Back in 1968, Melvin Conway observed “that there is a very close relationship between the structure of a system and the structure of the organization which designed it.” This means that if you start with, say, three development teams, the software architecture of your product will probably consist of three major subsystems—no matter if this architecture supports the desired user experience and features.
To avoid this risk, start with one product person in charge of the product, one development team, and one Scrum Master. Once you’ve validated key UX and technology risks, scale by asking the team to split up. Then add more people to the newly formed teams. This approach is also called growing organically, as it mimics cell division in living beings.
In addition to escaping Conway’s Law stated above, growing organically offers two more benefits: It evenly spreads the effort of bringing the new people up to speed instead of having one unproductive development team with all the newbies, and it allows you to measure the impact of adding more people on productivity and infrastructure.
The latter might seem rather dull, but I once worked with an organisation that moved up from three to eight development teams in one go in order to accelerate development. Unfortunately, nobody had anticipated that the infrastructure was not able to cope with the increased network traffic caused by the new teams. Consequently, checking-in and checking-out code suddenly took minutes instead of seconds, which meant that the development speed was significantly reduced until the required upgrade work was finally carried out.
6 Employ Feature Owners and Feature Teams
As you add more people to the development effort, consider working with feature teams—teams that implement functionality end-to-end—instead of component teams who look after an architecture building block like the front end or persistence layer. Feature teams have fewer inter-team dependencies compared to component teams and reduce the risk of sub-optimisation, optimising individual architecture building blocks at the cost of the overall product performance. They do require, however, that shared standards are in place to avoid undesirable variations and code duplication: You typically don’t want that every feature team uses its own UI design flavour and writes code that’s already been developed.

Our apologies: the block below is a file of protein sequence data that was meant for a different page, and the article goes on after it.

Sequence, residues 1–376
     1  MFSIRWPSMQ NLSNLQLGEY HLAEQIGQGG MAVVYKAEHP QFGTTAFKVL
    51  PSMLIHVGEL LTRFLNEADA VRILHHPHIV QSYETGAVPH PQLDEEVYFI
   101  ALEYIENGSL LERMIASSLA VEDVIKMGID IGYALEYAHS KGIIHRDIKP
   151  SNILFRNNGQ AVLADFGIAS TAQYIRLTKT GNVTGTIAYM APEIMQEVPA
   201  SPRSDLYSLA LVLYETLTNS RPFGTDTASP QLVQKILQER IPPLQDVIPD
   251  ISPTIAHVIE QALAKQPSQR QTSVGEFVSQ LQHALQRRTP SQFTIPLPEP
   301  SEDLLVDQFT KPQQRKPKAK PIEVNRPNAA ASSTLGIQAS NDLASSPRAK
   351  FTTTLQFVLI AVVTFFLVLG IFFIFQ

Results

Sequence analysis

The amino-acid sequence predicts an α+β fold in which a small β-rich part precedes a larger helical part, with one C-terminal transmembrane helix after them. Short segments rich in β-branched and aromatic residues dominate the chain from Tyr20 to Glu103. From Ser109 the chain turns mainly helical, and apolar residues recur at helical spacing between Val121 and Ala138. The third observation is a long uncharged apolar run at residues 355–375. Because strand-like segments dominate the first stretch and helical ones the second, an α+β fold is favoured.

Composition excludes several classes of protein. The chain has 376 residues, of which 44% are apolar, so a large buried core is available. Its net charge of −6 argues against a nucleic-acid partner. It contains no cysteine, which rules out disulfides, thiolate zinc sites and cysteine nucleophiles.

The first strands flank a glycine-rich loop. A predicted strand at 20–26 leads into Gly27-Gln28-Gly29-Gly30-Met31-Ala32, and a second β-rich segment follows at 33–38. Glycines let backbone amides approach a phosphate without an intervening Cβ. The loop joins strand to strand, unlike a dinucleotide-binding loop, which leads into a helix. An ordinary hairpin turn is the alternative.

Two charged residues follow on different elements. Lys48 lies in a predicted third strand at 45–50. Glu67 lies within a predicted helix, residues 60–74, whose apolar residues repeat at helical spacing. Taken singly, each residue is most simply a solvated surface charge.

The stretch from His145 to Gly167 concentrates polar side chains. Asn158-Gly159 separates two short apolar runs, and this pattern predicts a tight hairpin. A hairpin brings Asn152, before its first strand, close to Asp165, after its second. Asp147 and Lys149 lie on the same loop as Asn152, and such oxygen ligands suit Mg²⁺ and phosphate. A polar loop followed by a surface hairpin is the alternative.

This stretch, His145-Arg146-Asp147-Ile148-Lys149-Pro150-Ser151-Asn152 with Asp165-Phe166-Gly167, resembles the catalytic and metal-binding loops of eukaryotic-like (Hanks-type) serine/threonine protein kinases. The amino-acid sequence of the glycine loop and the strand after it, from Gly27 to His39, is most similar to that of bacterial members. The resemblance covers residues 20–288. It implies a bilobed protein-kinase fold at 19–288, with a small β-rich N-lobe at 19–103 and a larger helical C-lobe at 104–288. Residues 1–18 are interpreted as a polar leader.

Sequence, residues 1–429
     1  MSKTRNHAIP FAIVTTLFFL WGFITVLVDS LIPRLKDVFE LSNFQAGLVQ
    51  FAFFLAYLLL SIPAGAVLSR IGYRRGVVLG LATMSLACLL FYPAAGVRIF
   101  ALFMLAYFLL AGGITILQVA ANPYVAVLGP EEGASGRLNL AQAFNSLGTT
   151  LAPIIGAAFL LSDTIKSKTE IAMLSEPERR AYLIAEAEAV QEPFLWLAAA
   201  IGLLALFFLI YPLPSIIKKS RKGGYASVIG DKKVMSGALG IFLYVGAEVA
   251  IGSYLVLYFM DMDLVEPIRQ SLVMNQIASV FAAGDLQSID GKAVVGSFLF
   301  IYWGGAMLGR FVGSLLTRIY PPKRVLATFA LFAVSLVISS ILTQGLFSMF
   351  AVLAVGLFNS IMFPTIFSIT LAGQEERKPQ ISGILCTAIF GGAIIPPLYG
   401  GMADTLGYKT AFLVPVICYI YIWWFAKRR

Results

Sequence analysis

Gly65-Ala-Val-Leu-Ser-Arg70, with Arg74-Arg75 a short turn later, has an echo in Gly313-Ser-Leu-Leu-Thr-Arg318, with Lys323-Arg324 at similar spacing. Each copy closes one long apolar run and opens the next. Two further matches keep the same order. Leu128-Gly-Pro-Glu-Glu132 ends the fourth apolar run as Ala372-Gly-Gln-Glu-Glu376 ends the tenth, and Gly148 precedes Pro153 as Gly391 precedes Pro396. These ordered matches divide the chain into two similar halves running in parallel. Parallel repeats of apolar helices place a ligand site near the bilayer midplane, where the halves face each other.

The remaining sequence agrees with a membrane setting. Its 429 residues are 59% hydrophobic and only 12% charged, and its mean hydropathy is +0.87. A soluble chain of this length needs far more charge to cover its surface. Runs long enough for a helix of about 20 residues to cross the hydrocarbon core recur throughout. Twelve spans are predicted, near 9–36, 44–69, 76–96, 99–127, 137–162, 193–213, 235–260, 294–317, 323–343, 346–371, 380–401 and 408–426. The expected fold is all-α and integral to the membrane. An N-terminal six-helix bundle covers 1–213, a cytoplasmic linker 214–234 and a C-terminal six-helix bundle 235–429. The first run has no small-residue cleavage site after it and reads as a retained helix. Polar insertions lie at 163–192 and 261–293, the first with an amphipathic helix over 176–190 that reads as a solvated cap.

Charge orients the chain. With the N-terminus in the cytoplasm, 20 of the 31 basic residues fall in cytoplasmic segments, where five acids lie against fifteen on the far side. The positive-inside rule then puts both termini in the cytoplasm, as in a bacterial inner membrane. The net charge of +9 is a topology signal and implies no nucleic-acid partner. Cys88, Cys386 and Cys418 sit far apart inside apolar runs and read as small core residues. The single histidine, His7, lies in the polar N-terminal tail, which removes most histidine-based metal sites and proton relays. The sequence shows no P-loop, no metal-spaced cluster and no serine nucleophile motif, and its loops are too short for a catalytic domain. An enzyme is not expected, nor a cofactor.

As you add feature teams to the development effort—hopefully by growing organically—you also have to consider the impact on your workload. My experience suggests that a single product person is usually not able to work with more than three agile development teams. You will therefore have to consider involving additional product people who can own features and guide the feature teams. I call these individuals Feature Owners. The image below shows how the role can be applied. For more information, please refer to my article “Scaling the Product Owner Role”.
7 Start with One Site and Distribute Work in a Stepwise Fashion (If Necessary)
While it can be hard to bring the right people together, few things in software development are more counterproductive than starting a new product development effort with a dispersed team—a team whose members work in different places, for example, London, Boston, and Bangalore.
As a rule of thumb, the more uncertainty, change, and innovation are present, the more important it is that everyone involved in the development effort is co-located, including the person in charge of the product. This allows you to build rapport, establish an effective collaboration, and agree on shared standards, for example, how to collaboratively refine product backlog items and have effective sprint reviews.